Friday, April 3, 2015

Carrot Marmalade: Historical Food Fortnightly Challenge 22, Make It Do or Do Without

Carrot Marmalade: Making Do in the Great War

The Challenge: Make It Do or Do Without 
March 22 - April 4
Working around food availability to gain a desired outcome has been a challenge throughout history. Whether supplementing seasonal produce, dealing with rationed or blockaded food in wartime, or re-imagining a dish without access to crucial ingredients, the cooks of the past had to get creative. Do homage to their ingenuity by interpreting historical substitutions.

"If you cannot have the best, make the best of what you have."
May Byron, author of The Great War Cook Book, c.1915


An Era of Scarcity:
For this challenge, I chose to make a recipe from a collection of English recipes written by author May Byron during the Great War. The cook book is not marked with a publication date but it was likely published around 1915, just after the Defense of the Relm Act (DORA) was enacted in 1914 for securing public safety. One of the aims of this act was to ensure that food shortages never happened. In a war in which the availability of food was used as a tactical maneuver to try to get both sides to surrender, this need to reduce reliance upon outside sources for food must have been crucial to fighting the war on the home front. One result of this need to keep up a reliable supply of locally produced food was the development in 1916 of the Woman's Land Army (WLA). The Woman's Land Army worked an extra three million acres of land taken over for farming and employed young, single women as its chief farmers. By 1918, it was clear that more had to be done to insure that the English population on the home-front and those in the military could continue to be fed and rationing was finally introduced.  

Marmalade Made-Do:
Over the course of many centuries, the British developed a love of marmalade. Originally, the earliest British marmalades were made in the British Medieval days with quince, and eventually over time the recipe transformed itself and the bitter Seville orange was used. The World War One  era recipe I offer here is a method for making a well-loved favorite in the manner of  "making do"--using something easily obtained that could be grown in any English field, the humble carrot, and a small quantity of lemons as a replacement for the bitter oranges. The lemons add the tartness and the pectin needed to help make the marmalade set into a gel.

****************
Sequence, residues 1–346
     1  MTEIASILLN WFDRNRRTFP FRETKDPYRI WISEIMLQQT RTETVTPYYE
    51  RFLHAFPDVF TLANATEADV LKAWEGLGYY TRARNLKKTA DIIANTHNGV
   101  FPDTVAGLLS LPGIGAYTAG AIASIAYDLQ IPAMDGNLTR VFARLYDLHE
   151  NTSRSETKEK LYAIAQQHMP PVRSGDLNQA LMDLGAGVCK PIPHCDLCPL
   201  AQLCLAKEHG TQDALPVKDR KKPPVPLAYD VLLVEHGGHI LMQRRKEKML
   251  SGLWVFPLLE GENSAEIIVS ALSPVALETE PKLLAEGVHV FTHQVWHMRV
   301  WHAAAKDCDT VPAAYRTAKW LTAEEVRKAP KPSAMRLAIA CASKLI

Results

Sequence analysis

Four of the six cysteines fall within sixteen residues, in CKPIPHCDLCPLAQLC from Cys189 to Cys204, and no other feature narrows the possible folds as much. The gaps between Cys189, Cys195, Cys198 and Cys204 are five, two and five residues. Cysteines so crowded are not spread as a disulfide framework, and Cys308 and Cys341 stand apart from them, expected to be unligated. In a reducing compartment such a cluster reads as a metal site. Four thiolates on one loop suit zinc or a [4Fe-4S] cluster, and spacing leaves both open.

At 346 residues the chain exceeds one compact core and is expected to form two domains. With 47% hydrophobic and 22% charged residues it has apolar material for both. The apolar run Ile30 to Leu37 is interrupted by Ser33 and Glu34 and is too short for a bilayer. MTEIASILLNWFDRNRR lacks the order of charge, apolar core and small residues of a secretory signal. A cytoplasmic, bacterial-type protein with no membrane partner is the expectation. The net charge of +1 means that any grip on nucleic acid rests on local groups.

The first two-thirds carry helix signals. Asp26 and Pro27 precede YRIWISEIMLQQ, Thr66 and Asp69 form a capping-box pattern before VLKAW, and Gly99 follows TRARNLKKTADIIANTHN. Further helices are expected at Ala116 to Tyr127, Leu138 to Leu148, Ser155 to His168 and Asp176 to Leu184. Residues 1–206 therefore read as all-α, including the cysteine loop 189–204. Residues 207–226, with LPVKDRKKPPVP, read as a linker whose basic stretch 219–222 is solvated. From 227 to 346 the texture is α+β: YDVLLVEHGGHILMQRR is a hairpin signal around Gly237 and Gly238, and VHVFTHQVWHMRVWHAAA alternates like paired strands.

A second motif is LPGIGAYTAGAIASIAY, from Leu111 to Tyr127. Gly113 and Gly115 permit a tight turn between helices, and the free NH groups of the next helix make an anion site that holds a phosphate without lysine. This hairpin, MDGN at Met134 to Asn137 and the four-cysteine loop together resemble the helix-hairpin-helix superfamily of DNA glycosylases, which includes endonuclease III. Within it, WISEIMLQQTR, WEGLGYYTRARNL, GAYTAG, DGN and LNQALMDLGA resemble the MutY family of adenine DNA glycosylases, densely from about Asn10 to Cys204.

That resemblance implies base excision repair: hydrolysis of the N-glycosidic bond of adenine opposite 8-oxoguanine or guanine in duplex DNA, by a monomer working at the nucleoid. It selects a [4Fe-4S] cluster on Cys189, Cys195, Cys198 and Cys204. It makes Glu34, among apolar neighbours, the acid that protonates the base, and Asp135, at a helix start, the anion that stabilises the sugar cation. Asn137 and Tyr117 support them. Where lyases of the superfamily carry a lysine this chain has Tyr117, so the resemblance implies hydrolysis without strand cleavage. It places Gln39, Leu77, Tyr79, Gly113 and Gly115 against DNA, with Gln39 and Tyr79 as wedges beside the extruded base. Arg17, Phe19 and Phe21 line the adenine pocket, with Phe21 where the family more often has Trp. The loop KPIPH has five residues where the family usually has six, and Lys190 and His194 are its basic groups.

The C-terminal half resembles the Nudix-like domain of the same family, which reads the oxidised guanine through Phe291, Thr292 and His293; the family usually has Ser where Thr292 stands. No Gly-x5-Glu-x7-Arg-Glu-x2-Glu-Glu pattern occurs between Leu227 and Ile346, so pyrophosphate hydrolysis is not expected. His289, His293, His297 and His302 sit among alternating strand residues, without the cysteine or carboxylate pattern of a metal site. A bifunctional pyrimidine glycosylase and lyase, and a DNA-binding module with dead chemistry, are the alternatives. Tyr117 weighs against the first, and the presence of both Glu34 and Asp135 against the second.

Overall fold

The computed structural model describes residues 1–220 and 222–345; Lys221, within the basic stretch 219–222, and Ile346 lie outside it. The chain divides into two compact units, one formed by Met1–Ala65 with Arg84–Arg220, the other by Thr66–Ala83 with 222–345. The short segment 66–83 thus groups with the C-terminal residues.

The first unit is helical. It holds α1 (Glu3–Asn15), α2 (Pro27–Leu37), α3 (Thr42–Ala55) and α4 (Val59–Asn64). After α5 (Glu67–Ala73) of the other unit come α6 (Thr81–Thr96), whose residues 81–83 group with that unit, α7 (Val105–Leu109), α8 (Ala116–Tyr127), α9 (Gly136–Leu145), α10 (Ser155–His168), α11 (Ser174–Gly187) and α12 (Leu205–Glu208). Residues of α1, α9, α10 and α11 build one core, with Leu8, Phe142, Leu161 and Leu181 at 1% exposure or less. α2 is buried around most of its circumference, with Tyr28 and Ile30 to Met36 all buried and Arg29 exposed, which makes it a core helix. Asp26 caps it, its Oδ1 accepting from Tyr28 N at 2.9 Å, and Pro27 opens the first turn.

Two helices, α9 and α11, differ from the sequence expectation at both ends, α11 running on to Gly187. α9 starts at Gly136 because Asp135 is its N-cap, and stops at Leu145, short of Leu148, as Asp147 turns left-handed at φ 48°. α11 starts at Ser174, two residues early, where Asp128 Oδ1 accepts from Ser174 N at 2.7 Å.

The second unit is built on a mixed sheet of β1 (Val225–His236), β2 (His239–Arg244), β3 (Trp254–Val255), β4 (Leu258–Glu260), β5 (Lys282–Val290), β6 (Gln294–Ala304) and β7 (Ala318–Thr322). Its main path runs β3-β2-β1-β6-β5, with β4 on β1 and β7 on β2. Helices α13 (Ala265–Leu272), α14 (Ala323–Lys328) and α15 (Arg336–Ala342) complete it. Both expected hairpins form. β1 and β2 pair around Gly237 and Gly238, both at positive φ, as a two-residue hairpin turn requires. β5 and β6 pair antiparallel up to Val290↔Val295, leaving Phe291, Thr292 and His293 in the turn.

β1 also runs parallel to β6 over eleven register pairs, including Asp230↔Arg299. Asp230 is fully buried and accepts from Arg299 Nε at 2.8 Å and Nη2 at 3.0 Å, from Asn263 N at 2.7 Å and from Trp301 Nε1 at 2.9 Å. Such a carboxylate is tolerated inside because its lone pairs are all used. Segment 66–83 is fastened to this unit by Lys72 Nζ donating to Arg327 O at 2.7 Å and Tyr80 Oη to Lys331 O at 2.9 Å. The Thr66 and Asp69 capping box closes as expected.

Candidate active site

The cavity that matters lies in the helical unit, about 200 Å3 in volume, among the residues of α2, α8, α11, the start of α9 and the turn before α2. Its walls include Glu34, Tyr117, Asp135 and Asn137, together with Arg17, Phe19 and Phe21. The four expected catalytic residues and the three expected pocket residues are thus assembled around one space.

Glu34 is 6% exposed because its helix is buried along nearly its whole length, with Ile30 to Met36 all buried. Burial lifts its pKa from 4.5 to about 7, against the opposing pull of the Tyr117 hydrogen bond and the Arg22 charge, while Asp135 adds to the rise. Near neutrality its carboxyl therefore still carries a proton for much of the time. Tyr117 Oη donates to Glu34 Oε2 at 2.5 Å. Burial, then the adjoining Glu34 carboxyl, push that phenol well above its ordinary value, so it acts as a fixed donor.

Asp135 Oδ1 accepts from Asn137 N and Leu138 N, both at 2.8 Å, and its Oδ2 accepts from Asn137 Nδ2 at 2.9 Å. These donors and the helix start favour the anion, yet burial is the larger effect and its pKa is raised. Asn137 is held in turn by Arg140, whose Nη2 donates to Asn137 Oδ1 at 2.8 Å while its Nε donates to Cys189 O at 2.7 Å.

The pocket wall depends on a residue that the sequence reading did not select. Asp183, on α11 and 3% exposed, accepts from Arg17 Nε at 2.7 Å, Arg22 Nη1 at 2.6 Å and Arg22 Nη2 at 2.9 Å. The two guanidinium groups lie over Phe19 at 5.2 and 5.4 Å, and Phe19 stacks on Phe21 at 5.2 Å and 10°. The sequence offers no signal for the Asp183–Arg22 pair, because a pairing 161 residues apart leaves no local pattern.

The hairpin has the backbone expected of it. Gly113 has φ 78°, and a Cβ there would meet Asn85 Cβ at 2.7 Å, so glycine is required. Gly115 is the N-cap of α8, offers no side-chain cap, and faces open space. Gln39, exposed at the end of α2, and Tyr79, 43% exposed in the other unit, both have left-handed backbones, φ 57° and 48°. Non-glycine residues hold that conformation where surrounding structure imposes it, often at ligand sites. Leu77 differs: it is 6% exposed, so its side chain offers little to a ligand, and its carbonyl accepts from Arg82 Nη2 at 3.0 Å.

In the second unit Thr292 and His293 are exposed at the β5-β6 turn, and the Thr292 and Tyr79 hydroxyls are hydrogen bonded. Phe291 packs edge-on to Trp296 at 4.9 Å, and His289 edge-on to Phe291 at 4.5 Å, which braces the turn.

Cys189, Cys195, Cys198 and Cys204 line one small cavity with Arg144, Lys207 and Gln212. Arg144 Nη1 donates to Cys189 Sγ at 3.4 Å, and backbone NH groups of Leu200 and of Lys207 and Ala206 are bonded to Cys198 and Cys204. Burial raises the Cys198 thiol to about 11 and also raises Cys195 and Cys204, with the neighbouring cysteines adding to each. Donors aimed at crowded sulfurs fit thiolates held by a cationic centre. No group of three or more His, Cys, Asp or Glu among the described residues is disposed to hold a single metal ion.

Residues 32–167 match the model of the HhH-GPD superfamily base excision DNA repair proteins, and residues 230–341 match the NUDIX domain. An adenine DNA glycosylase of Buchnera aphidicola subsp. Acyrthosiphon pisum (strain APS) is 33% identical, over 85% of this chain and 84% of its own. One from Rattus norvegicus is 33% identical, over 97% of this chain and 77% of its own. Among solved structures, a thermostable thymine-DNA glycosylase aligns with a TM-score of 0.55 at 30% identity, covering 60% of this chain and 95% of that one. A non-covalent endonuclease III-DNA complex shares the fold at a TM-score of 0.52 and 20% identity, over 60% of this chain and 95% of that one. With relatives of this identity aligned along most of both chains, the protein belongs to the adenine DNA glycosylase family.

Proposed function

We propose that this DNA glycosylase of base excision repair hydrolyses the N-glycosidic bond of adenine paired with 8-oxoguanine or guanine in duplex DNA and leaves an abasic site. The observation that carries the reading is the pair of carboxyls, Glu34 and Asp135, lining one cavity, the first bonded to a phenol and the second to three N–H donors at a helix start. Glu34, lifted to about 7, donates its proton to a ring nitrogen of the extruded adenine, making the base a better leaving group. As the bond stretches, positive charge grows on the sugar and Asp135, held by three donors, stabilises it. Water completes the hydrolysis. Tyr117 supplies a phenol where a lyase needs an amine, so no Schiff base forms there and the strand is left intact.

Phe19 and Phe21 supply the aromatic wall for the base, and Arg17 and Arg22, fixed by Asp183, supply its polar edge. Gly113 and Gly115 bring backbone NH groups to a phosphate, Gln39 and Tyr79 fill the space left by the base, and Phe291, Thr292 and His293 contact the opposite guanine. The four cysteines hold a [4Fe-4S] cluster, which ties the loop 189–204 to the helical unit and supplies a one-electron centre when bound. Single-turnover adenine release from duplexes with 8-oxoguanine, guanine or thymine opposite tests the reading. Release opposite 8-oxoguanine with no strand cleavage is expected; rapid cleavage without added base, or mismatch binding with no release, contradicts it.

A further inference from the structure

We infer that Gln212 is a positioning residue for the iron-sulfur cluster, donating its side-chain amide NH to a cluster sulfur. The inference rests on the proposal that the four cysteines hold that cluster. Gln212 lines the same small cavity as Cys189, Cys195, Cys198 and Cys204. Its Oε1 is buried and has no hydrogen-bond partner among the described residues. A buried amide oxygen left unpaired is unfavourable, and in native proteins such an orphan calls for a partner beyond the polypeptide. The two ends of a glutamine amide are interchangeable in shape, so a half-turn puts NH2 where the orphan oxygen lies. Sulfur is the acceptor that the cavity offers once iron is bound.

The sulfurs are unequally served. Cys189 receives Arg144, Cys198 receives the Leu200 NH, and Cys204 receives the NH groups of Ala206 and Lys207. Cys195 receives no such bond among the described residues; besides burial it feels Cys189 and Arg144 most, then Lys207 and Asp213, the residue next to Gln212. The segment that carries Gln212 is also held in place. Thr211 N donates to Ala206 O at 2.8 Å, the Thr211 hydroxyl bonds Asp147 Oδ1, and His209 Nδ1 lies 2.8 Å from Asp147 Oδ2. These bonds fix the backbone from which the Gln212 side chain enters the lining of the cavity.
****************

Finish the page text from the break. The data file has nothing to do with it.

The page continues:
The Recipe: Carrot Marmalade
Source: The Great War Cook Book, From Trench Pudding to Carrot Marmalade by May Myron, c. 1915 (Published in 2014 by Amberley Publishing with an Introduction by Eleri Pipien)








Date/Year and Region
England, World War One

How Did You Make It
I followed the recipe as it was written. However, I only made 1/4 of the amount indicated.
Carrots and Lemons Ready to Cook


Cooked carrots and lemons ready to be sieved.


Carrot and lemon pulp.

Time to Complete
The majority of the time is taken up with the initial cooking down of the carrots and lemons, about 2 1/2 hours. There is an additional 10 minutes for cooking down the sugar until the marmalade sets.

Total Cost
$5 for carrots and lemons.

How Successful Was It?
I have to admit that I was really skeptical about this recipe which is why I made just one-fourth the recipe. Well, I admit I was wrong. It is not only much better than I expected it to be, I actually like it better than regular orange marmalade! It has a smoother, less bitter texture than regular marmalade. Who would have ever thought it would be so good???
How Accurate Is It?
I followed the recipe exactly as written, except that I made one-fourth the original amount written in the recipe.















1 comment:

  1. Hmm, interesting! I've seen recipes for carrot marmalade from the 1940s, but not from WW1! I may have to try that sometime.

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